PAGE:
I just got this in an email from my friend Sharon. Personally I don't know how people can think of American history any other way.
IF PROFESSIONALWRESTLING REWROTEAMERICAN HISTORY.
BY EUGENE TUCKER
Despite having dispatched each of their opponents, the tag team ofGeorge Washington and Benedict Arnold is not a harmonious entity.Arnold feels that Washington is gaining too much individual credit forthe tag team's success. Before that night's match, hidden camerascatch Arnold shaking hands with their opponent, King George. WhenWashington gets in trouble during the match, he goes to tag in Arnold,but instead Arnold slaps him in the face. The match degenerates into athree-on-one until Ethan Allen and his Green Mountain Boys race to thering to save Washington.
A supremely popular and confident James K. Polk comes to the ring andsays he has achieved everything he wanted except winning a title beltfrom the utterly deplorable Santa Anna. At this incitement, Santa Annawalks out showered by boos. Santa Anna says that Polk can't have thebelt, that it belongs to him and he refuses to relinquish it. Polkasks Santa Anna, "Whatcha gonna do when the United States of Americaruns wild over you!" At that point, Polk's cronies, Zachary Taylor andWinfield Scott, ambush Santa Anna. With Santa Anna sufficientlydebilitated, Polk delivers the final blow and takes what he believesrightfully belongs to him.
World War II
FDR. Churchill. Stalin. Hitler. Mussolini. Tojo. Steel Cage. Availableon pay-per-view for $39.95.
A feud begins between Richard Nixon and two nonconformists, Woodwardand Bernstein, when "the Journalists" embarrass Nixon in front of fansin Tacoma, Washington. Nixon seeks revenge against the two and forcesthem to fight enforcers G. Gordon Liddy and Bob Haldeman. In themiddle of the match, though, Haldeman quits, and Woodward and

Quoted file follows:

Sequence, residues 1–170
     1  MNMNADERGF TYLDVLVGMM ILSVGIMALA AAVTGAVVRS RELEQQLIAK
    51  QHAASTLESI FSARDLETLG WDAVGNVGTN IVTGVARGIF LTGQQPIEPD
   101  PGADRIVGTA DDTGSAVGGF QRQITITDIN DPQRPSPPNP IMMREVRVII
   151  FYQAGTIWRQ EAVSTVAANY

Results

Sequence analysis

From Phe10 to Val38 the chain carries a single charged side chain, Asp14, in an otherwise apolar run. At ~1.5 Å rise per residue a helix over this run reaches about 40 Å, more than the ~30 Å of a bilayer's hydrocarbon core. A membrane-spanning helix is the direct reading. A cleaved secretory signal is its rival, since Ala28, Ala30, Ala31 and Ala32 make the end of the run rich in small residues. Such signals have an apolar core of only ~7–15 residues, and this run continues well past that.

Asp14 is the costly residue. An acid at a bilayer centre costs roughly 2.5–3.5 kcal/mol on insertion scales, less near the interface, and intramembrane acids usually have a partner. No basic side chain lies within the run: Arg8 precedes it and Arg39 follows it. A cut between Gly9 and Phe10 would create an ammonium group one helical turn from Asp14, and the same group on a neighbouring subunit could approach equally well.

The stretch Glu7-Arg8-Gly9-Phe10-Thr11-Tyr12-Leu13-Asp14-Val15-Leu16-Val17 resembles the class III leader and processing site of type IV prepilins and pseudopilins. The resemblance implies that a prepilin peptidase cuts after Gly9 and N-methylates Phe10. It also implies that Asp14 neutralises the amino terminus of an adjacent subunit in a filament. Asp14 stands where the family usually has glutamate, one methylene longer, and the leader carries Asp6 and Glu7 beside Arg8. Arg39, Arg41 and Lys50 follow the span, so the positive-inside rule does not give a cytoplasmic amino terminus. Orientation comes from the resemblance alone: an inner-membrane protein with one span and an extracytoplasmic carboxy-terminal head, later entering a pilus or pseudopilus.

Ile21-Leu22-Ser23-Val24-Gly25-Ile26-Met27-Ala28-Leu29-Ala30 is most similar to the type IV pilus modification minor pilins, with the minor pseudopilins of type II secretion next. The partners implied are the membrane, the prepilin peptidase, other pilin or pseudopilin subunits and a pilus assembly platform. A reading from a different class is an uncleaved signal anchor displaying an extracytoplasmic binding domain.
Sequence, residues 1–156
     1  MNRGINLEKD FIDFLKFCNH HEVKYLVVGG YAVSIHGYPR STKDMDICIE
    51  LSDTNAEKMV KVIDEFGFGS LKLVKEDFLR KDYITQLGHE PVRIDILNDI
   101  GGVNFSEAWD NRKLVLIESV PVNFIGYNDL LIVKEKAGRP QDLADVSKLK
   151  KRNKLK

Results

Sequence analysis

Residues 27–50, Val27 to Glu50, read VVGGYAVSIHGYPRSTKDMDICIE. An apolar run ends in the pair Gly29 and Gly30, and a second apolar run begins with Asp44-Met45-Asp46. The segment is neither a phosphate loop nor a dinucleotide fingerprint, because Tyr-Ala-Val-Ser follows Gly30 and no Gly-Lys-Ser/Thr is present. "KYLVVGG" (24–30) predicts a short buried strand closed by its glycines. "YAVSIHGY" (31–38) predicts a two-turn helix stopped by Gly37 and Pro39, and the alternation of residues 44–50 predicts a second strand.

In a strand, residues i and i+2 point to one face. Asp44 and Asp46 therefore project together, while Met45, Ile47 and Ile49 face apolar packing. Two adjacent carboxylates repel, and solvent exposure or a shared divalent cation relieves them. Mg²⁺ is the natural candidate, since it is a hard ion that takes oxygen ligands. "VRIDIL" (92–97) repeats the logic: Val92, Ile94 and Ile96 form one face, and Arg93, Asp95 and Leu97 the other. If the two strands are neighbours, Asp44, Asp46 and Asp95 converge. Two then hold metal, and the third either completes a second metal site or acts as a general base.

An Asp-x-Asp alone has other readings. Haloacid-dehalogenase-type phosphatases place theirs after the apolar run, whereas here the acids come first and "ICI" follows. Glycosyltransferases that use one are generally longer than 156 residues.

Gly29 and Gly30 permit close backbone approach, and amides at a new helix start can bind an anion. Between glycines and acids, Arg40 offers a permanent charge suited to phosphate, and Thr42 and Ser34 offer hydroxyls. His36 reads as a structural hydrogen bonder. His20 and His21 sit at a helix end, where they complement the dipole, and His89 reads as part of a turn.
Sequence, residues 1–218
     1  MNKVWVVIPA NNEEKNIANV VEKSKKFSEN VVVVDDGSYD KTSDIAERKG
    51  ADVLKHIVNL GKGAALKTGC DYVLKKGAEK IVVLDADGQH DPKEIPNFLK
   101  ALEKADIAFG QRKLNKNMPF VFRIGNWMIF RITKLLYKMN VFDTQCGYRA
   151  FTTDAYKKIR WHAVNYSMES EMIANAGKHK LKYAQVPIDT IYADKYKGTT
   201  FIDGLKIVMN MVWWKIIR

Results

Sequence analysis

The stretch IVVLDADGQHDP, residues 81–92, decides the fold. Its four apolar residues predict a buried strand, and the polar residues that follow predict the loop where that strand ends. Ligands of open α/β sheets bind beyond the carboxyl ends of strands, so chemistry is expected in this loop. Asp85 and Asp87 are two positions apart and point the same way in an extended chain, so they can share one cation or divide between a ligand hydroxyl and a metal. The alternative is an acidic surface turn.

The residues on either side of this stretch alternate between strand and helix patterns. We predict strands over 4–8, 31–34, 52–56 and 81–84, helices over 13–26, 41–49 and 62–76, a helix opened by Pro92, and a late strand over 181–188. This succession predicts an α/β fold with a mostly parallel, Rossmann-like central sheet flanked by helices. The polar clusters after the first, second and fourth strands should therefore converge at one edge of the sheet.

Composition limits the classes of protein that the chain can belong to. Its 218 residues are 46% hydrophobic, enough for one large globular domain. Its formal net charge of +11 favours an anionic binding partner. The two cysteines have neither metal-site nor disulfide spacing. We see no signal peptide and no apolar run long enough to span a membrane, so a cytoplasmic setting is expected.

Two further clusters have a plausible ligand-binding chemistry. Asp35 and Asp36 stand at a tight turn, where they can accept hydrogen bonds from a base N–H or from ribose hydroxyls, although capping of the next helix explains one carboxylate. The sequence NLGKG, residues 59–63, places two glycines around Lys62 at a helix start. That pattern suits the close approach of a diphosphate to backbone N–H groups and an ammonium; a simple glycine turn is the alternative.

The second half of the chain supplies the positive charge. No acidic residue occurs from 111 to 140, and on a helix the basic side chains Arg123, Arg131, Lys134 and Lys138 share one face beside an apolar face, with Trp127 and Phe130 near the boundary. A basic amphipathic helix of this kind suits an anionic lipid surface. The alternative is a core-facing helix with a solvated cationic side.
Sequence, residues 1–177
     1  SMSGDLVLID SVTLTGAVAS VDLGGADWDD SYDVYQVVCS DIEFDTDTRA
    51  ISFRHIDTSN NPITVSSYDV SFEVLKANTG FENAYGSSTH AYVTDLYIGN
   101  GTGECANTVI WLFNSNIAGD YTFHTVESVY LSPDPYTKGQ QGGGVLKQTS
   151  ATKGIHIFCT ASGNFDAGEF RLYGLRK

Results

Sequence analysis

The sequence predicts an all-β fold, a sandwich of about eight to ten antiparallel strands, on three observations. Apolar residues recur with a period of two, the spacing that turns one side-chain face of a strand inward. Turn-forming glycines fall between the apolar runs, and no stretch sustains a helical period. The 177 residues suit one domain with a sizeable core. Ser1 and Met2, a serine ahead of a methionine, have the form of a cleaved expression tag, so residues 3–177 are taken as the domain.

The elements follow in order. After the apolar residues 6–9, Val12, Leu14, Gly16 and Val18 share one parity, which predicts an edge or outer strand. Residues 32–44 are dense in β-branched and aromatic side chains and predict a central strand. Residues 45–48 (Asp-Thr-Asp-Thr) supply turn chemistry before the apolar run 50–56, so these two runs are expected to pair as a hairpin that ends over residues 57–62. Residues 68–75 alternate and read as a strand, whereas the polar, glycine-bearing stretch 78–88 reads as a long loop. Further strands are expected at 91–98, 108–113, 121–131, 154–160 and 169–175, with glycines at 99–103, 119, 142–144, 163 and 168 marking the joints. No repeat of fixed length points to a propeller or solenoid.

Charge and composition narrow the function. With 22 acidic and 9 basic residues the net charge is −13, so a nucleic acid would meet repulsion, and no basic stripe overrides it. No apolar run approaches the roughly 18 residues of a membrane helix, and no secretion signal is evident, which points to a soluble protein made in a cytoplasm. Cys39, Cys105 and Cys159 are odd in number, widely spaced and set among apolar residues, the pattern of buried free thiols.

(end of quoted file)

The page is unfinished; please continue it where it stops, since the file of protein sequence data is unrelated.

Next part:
himself with one stipulation—the loser must leave the business! Nixonpulls out all the tricks, going as far as to use a plunger as aweapon. "The Journalists" gain an advantage eventually when a maskedman, known only as Deep Throat, enters the ring, and are ultimatelyvictorious. After the match, Nixon dejectedly walks away, pausing fora minute to say goodbye to his friends.
George Bush and Al Gore meet in the squared circle for thechampionship title. It's a back-and-forth match. Gore gains the upperhand and hits his finishing move, the Global Warmer. But, as Gore goesfor the cover, William "the Chief" Rehnquist rushes to the ringcarrying a steel chair. With the referee distracted by Laura Bush,Rehnquist knocks Gore over the head with the chair. Bush goes for thecover and wins the belt. The show ends with an incredulous announcerscreaming, "George W. Bush is champion, but I don't know if hedeserves it!"
The fans have been told to expect a monumental announcement from worldchampion George Bush and anxiously wait. When Bush finally emergesfrom backstage, the crowd begins to loudly boo and deride him withjeers. Ignoring the commotion, Bush begins to reminisce about thesignificance of his title reign and how he brought glory and honor tothe profession. He then announces to the stunned crowd that he will behanding his title over to his sidekick, "the Doc" Bill Frist. Frist,Bush explains, will continue to seek out those whose only wish is todestroy the sport of wrestling. It is at that moment that twowrestlers appear, united, in the ring. John Edwards, supported byHillary Clinton, voices his opposition to Bush\'s plan. Bush laughs atthe duo and mockingly inquires, "What are you going to do about it?"Such a question catches the group off guard, and, while they arediscussing a potential plan, Frist superkicks Edwards. The ring clearsas Edwards struggles to his feet and attempts to get to the middle ofthe ring. As he squares off against Frist, the crowd begins to booagain, this time louder, once it becomes apparent that neitherwrestler possesses the talent to be an effective champion.